Claire Hunger (Betsy Brandt), a Maths professor, finds her organised life unraveling when her husband Paul (Chris Beetem), an ornithology lecturer, doesn’t return from a three-day solo wilderness survival trip. Extensive searches of the mountain forest area turn up his neatly-parked car, but no trace of him – and, as time wears on, Claire and her young son Connor (Zev Haworth) – who continue to put up missing persons posters and revisit the forest well after organised search parties have been abandoned – are torn between hoping that Paul has simply contrived to disappear and being furious with him if that’s been his plan all along. Claire also discovers that Paul has kept from her the fact that he’s been working on a bundle-of-twigs sculpture in a commune-like space (complete with ‘ukulele pod’) with arts grad student Allison (Anna Margaret Hollyman), who is an oddly disturbing presence but not an obvious ‘other woman’.
There are hints that Paul was perhaps suffering a mystery ailment beyond mid-life crisis, sketches and a sky-diving video which suggest an avian obsession with flight or falling, and even the barest hints of supernatural Hanging Rock circumstances …but the point of the film, co-written and directed by Annie J. Howell and Lisa Robinson, isn’t the obvious mystery of What Happened With Paul but the crises Claire is left to cope with as the world (and especially Allison) contrive to make her question the extent of her own culpability even while it’s still just possible Paul just fell into a deep crevice and had every intention of coming home to wife and son.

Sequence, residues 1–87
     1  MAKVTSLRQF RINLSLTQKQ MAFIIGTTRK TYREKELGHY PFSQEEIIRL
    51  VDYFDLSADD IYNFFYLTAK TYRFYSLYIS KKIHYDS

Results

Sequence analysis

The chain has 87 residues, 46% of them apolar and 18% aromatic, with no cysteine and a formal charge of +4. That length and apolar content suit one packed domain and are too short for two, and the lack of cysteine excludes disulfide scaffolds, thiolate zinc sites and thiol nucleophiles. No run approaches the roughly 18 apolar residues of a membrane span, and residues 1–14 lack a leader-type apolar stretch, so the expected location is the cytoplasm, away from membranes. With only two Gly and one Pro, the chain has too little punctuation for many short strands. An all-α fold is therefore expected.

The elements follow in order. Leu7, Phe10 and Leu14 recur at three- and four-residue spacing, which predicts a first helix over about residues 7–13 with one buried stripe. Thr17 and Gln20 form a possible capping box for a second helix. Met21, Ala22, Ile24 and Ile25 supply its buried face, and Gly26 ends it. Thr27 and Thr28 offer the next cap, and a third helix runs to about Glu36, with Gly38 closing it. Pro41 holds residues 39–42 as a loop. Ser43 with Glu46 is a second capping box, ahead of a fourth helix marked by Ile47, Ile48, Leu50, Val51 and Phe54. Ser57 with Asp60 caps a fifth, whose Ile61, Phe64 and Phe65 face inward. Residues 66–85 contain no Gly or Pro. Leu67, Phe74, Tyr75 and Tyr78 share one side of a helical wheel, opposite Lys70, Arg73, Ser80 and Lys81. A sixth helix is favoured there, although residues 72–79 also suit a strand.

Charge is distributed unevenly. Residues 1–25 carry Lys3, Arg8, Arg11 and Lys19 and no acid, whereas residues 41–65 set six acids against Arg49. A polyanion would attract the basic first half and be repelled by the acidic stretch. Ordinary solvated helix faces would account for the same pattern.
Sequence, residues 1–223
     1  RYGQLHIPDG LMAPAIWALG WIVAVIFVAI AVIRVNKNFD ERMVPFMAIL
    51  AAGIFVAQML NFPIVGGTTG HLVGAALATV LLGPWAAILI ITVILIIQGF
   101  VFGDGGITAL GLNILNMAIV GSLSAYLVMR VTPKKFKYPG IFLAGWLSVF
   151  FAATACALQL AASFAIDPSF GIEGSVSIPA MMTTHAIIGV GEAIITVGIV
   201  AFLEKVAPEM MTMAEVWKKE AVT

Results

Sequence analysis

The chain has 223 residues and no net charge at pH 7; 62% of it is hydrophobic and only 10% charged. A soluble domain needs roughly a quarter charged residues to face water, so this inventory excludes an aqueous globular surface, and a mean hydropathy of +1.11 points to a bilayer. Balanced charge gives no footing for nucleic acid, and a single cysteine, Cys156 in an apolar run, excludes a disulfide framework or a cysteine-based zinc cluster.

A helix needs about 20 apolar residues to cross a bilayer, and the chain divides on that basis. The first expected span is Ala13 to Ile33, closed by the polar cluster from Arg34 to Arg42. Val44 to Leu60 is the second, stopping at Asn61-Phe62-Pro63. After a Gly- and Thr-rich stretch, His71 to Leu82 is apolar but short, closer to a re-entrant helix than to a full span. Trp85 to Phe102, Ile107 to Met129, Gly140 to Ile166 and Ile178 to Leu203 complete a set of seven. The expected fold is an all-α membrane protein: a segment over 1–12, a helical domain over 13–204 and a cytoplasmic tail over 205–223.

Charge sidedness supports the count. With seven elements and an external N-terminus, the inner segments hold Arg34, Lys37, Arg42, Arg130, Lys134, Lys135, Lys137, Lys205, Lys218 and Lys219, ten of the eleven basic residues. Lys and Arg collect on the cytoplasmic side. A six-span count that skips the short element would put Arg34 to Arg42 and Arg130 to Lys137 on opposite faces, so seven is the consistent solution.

There’s a slightly too pat suggestion that Claire’s maths mind makes her unsympathetic to Paul’s troubles, while his bird instincts prompt him to fly off – but Brandt, shouldering the whole film, makes Claire a much more complicated character. Audiences will be divided about Claire – who might be entirely admirable or a complete shrew – and the absent Paul, and there’s a remarkable bit of character development by inference in the way Connor (who has a craze for knitting) takes elements from adults around him, including his father’s slyness and his mother’s method, and experiments with the slightly cult-like artiness embodied by Allison, who has a witchy presence in Claire’s mind but is also being honest and helpful by her own lights, loyal to the man she knows and wary of the woman she only knows through what he told her.
It’s slightly a caricature of American indie filmmaking – even soul-shattering arguments are soft-spoken here, the look is misty-gloomy, and odd quirks – a best friend (Sakina Jaffrey) seems to be working on a performance art piece that involves imitating cat videos) are more unnerving than comic. The only openly funny element is Claire’s clown-car-driving drunken suitor Stu (Brian Evans), who is at least honestly tactless rather than thoughtfully cruel. From early on, it’s plain that Paul’s fate is likely to remain ambiguous – we get a sinister cairn near the end, but he remains Schroedinger’s Husband to the end – so the creatives can work on Claire, whose journey doesn’t involve abandoning her young son. For some zeitgeisty reason, grief is the motor of a whole lot of ‘serious’ movies at the moment – Claire in Motion is a minor-key entry in the cycle, but well worth a look for Brandt alone.